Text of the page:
Onward with Kakaako plan


POSTED: Sunday, September 13, 2009

Plans by Alexander & Baldwin for redevelopment of the Kakaako oceanside were scrapped three years ago because of public opposition. However, Kamehameha Schools' ambitious plan to transform 29 acres of Kakaako away from the sensitive waterfront deserved the clearance it received this month by the Hawaii Community Development Authority.

The authority's 10 present board members gave their unanimous endorsement of the master plan, and the trust soon will begin seeking bids to build affordable housing required as part of the development. It also includes 2,750 other residential high-rises, townhouses and lofts.

The development, announced last December, is described as a pedestrian-friendly “;urban village.”; A 5-acre Asia Pacific Research Center is to be the centerpiece of what the trust calls Kaiaula 'O Kakaako. The trust says it is close to signing Safeway for its former CompUSA space at Ala Moana and South Street.

The trust hopes to break ground within the next two years. In unveiling the plan, it stated, “;We are not immune to the current market turmoil. However, we are a perpetual trust and we take a long-term view of our properties.”;

The plan has generated some opposition, partly because of its coincidence with Chicago-based General Growth Properties' plans for redeveloping an adjacent 60 acres, including the Ward Centers, into what it also calls an “;urban village.”; That plan includes a central plaza larger than two football fields and 4,000 residences in several high-rises up to 400 feet tall. HCDA approved that plan in January.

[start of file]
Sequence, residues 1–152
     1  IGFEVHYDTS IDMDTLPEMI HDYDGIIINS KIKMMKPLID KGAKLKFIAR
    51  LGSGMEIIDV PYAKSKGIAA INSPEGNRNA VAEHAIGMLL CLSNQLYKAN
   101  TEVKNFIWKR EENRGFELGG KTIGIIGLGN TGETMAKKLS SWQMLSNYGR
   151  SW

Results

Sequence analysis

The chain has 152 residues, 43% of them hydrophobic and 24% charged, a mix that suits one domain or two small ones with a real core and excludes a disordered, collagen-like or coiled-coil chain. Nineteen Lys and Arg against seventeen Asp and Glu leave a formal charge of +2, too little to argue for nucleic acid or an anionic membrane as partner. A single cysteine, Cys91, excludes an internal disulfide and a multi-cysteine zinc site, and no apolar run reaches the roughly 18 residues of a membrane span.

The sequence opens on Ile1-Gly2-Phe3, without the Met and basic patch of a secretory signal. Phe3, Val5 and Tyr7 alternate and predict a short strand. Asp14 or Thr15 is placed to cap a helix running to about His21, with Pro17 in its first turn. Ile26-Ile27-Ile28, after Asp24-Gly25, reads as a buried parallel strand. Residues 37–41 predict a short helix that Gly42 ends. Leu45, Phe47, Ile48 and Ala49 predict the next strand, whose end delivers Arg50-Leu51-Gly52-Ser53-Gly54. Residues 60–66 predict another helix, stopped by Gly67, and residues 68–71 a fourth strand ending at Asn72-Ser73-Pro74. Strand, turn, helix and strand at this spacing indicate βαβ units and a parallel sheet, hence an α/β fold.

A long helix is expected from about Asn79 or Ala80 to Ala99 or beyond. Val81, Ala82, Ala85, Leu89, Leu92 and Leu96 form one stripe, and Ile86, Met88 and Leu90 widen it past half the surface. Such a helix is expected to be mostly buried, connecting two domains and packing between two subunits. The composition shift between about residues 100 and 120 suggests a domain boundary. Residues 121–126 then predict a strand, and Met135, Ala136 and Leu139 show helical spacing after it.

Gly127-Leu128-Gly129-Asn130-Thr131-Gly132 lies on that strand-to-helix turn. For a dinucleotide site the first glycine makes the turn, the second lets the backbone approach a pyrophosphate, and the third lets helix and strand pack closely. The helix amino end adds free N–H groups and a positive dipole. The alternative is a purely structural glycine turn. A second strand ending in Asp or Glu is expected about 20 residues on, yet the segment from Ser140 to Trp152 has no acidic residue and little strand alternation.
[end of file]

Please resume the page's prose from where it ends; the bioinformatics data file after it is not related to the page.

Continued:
“;The sheer number of new residents and stress on the infrastructure is a total disregard for the needs of the community,”; Anne Stevens, chairwoman of the Ala Moana Kakaako neighborhood board, argued when the Kamehameha Schools plan was announced.

The trust has stated that it has “;contributed to the $48 million in private infrastructure upgrades to allow for a large population in the district, so we know that much work has to be done.”; The Kamehameha Schools and General Growth developments will have horizons of 15 to 20 years, and the trust is confident that “;any additional infrastructure issues can be accommodated.”; Certainly, the trust can afford it.

Bob Loy of the Outdoor Circle expressed concern that the 400-feet high buildings included in the Kamehameha Schools plan along Ala Moana “;will significantly block the present mauka-makai view plane.”; The reality is that Ala Moana already has started to become a neighborhood of skyscrapers with the 44-story Nauru Tower at Piikoi Street and the twin 45-story Waterfront Towers just a block mauka of Ala Moana. But his point is well taken that vertical planning be carefully reviewed, not go unchecked.

While the sprouting of skyscrapers may get in the way of ocean views from some locations, concentration of new housing in Honolulu's central urban area and at the “;Second City”; of Kapolei is preferable to sprawl elsewhere.